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Hartnett: Jason Kidd Can Conduct The Knicks’ Orchestra

Kidd Will Be Knicks' Long-Awaited Floor General; Mentor To Jeremy Lin
Jason Kidd of the Dallas Mavericks and Jeremy Lin of the New York Knicks look on during the game on February 19, 2012 at Madison Square Garden. Copyright 2012 NBAE (Photo by Nathaniel S. Butler/NBAE via Getty Images)

Jason Kidd of the Dallas Mavericks and Jeremy Lin of the New York Knicks look on during the game on February 19, 2012 at Madison Square Garden. Copyright 2012 NBAE (Photo by Nathaniel S. Butler/NBAE via Getty Images)

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By Sean Hartnett
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There’s a lot of mileage on the 39-year-old knees of Jason Kidd, but even in the twilight of his career he still has plenty to offer to the New York Knicks.

Kidd agreed to a three-year, $9 million deal on Thursday that will be announced on July 11 when free-agent signings can officially take place.

Over the past decade, the Knicks have lacked a take-charge floor general, and that’s exactly what Kidd brings to the table.  Kidd will command instant respect with his 18 years of experience and championship pedigree.

Kidd has what it takes to transform the Knicks from playoff-whipping boys into a team that can get out of the first round and do damage in the NBA Playoffs.

Since Carmelo Anthony, Amar’e Stoudemire and Tyson Chandler came to town, talent hasn’t been an issue for the Knicks.  The problem was getting everyone on the same page and pulling in the right direction.

Melo will put his ego aside and do whatever Kidd asks of him.  Anthony doesn’t want to go down as a great statistical player, a compiler of statistics that has never won a championship.  Melo doesn’t want his career to be branded with that label.  He knows that Kidd is a proven winner and will allow Kidd to handle the ball and run the show.

Kidd can inject life into Stoudemire, who thrives in the pick-and-roll offense.  Stoudemire often looked like a passenger last season while Anthony demanded the ball and took high volumes of shots.  With Kidd conducting the Knicks’ orchestra, Stoudemire will have a purpose again.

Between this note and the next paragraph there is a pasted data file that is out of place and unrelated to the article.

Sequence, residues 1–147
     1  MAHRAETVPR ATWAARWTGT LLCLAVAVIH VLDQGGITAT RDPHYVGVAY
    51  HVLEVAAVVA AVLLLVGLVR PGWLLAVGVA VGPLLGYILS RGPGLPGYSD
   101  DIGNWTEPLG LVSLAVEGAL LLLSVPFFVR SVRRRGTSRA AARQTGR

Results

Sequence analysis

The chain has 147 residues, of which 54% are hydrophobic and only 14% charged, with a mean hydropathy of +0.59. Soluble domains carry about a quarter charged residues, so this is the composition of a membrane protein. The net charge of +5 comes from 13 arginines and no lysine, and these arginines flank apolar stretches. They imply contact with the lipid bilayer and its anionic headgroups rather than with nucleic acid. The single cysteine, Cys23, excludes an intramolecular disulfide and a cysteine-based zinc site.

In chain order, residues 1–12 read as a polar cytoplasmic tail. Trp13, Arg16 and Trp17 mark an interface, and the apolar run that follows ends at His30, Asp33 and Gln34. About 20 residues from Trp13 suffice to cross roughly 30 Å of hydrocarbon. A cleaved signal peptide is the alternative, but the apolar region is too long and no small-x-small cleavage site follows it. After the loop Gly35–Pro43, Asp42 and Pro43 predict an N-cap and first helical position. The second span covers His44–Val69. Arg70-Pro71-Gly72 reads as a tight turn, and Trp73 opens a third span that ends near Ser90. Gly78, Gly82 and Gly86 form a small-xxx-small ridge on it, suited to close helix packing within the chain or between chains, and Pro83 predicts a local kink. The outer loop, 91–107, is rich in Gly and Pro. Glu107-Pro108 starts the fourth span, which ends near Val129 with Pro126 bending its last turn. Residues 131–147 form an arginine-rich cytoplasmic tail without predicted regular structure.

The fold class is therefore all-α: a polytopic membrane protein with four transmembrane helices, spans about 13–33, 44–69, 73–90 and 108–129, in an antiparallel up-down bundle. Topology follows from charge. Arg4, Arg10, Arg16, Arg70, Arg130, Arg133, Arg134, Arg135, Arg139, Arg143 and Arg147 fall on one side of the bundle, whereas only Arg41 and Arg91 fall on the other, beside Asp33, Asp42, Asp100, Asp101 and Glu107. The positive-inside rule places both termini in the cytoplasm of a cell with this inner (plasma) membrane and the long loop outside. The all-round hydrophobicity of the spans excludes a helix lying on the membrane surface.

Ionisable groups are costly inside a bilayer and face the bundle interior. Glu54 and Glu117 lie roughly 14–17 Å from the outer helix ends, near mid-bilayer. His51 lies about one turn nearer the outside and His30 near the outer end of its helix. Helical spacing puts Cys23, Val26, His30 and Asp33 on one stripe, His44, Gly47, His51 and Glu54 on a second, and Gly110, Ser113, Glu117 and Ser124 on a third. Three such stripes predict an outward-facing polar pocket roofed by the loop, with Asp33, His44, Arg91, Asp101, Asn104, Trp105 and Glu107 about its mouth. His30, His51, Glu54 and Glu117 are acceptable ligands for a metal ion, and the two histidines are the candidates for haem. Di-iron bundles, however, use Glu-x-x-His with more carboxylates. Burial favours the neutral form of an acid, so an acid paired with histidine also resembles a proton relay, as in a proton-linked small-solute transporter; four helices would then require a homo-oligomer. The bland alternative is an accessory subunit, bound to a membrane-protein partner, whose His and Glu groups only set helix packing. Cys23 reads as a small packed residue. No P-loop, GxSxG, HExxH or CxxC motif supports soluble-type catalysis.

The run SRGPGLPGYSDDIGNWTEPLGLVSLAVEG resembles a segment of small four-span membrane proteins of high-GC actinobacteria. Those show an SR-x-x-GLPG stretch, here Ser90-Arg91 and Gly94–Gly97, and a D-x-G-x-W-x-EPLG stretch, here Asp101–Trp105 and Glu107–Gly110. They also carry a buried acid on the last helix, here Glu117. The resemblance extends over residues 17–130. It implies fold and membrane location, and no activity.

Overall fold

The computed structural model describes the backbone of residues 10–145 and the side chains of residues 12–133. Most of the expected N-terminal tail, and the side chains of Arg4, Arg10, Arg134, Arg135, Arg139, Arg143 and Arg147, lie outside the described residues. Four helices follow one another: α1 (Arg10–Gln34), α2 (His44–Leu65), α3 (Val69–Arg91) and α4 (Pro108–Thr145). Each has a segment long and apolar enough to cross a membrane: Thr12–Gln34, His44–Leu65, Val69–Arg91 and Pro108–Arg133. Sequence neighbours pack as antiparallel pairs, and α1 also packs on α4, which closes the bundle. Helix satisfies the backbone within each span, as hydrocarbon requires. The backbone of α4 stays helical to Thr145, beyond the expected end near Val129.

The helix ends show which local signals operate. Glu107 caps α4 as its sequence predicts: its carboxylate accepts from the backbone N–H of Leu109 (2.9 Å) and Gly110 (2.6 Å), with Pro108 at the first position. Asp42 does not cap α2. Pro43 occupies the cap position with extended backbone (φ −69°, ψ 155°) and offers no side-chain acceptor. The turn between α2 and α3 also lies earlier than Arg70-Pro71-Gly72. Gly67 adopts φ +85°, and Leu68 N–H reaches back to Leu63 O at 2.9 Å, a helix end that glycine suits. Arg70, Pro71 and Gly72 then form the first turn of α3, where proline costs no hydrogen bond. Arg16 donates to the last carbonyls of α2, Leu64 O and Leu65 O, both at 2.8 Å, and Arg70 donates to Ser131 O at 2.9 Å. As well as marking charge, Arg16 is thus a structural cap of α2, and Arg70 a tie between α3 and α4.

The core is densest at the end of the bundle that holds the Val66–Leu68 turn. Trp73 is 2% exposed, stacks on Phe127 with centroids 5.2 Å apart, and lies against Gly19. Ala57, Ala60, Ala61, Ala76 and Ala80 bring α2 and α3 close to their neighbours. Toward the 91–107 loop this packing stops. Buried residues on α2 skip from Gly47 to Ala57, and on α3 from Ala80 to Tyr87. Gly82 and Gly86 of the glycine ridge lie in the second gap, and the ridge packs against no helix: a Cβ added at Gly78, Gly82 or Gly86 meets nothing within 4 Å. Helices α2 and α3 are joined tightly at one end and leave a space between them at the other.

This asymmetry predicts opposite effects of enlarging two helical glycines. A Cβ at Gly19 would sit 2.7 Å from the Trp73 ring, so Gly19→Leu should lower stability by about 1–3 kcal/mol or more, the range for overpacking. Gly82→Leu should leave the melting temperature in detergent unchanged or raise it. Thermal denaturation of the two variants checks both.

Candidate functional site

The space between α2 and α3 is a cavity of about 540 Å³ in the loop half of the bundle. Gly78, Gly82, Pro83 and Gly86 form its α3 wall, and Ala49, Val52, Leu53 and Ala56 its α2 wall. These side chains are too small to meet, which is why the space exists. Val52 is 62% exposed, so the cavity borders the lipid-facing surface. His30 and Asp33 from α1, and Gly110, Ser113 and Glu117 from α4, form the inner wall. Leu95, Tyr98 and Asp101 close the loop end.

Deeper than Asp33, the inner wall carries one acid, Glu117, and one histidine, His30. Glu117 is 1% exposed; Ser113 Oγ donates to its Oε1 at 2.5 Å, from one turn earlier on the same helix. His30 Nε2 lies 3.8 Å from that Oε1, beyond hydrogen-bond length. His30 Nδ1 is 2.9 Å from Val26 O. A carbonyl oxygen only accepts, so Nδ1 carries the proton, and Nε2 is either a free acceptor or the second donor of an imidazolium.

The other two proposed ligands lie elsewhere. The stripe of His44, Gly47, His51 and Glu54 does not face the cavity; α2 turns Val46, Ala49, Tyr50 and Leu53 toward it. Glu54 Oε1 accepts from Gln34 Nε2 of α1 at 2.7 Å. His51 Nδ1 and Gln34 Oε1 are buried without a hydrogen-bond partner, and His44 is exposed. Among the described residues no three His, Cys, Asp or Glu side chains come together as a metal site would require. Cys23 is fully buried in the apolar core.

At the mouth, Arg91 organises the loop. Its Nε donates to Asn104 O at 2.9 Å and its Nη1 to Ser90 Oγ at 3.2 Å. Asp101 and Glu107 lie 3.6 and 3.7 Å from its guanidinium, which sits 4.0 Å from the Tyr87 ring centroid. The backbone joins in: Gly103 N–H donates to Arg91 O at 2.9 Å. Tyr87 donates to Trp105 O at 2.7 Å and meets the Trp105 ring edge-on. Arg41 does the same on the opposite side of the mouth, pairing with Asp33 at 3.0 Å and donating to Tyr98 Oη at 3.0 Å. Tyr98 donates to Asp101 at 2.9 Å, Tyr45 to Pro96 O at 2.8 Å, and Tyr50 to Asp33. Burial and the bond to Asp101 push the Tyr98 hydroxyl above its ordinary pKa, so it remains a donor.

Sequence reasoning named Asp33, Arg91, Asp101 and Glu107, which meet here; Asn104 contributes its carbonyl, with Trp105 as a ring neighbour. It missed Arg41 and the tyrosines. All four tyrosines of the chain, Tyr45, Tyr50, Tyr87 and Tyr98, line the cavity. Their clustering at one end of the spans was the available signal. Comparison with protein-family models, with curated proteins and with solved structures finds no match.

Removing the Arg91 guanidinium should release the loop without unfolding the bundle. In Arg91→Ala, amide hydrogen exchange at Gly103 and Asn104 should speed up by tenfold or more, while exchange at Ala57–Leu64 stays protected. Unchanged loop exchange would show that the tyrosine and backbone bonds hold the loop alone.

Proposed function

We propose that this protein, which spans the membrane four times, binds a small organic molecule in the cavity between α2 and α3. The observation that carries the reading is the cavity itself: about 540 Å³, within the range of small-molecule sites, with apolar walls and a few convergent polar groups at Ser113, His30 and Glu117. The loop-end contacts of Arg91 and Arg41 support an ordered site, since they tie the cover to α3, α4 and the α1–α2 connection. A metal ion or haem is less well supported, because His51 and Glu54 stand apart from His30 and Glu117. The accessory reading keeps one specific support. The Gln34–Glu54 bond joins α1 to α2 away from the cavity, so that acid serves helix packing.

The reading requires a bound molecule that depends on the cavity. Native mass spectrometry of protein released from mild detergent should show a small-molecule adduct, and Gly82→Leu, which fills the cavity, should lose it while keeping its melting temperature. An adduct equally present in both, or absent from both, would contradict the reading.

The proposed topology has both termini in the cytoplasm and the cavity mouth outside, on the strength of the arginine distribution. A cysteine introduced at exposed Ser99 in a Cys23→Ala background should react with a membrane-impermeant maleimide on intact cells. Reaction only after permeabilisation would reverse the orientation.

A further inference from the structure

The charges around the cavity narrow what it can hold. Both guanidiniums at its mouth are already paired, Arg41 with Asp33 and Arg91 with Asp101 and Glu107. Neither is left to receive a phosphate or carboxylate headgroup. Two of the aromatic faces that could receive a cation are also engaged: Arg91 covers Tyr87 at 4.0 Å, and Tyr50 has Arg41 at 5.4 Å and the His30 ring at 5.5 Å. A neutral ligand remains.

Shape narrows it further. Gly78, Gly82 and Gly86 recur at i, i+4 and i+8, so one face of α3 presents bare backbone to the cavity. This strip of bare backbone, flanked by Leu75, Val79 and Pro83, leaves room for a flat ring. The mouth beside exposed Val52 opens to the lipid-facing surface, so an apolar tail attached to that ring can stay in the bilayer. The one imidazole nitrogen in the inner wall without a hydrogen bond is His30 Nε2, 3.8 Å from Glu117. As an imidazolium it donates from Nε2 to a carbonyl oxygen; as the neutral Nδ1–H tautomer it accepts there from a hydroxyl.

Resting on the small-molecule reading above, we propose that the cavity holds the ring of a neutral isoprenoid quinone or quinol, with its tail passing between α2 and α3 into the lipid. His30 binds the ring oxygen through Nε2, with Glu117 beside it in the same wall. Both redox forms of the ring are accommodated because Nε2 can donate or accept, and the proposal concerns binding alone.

He will be more involved and be able to cut to the hoop on the pick-and-roll, which the savvy Kidd executes with ease.

Stoudemire never had the opportunity to play with Kidd in Phoenix, as Kidd was traded to the New Jersey Nets in a deal that brought Stephon Marbury to the Suns a year before Stoudemire was drafted in 2002.  Finally, Amar’e will get his chance to play with Kidd, a player who can get the best out of Stoudemire — similar to the way Steve Nash was able to in Phoenix.

Due to chronic knee injuries, Stoudemire isn’t the same caliber player he was during his years with the high-flying Suns, but Kidd will re-energize Amar’e.

Chandler and Kidd were big reasons why the Dallas Mavericks won the 2011 NBA championship over the Miami Heat.  During the finals, Chandler was the force that shut down LeBron James.

Upon joining the Knicks, Chandler’s commitment to defense won over Knicks fans immediately.  He became a Madison Square Garden favorite and took home the 2012 NBA Defensive Player of the Year award in his first year in New York.

Kidd has always been an intelligent defender and capable rebounder.  Adding Kidd to a Mike Woodson team with Chandler — not to mention standout defender Iman Shumpert — means that the Knicks really have something going on the defensive end.

Had the Knicks swung a sign-and-trade for Nash that sent Shumpert to the Suns, they would have lost a lot defensively.  While Shumpert is renowned for his defensive attributes, he is also maturating offensively.  Having Kidd around can only help him become a more confident, better-rounded offensive player.

Kidd will undoubtedly have a positive effect on Jeremy Lin, whom the Knicks will likely keep hold of.  The Knicks have indicated they’re prepared to match the Houston Rockets’ four-year, $29 million offer sheet.

Before undergoing season-ending knee surgery, Lin proved to be more of a slasher to the basket than a true distributing point guard.  While his play was electrifying and inspiring, the rawness in Lin’s game was apparent.

His 3.6 turnovers per game needs to be cut down, and Kidd can help mentor Lin toward becoming a more intelligent point guard who knows when to go the basket and when to find the open man.  Lin and Kidd will share minutes, with Lin providing energy off the bench.

Nash would have been a very exciting addition, but Kidd makes more sense, fills more needs and is a better overall fit for the Knicks.

Kidd is going to bring a lot of respectability back to the Knicks, and will make their 2012-13 season one to remember rather than one to forget.

Knicks fans, will Kidd get the team pulling in the same direction and be a success story at age 39? Share your thoughts below and send your tweets to @HartnettWFAN.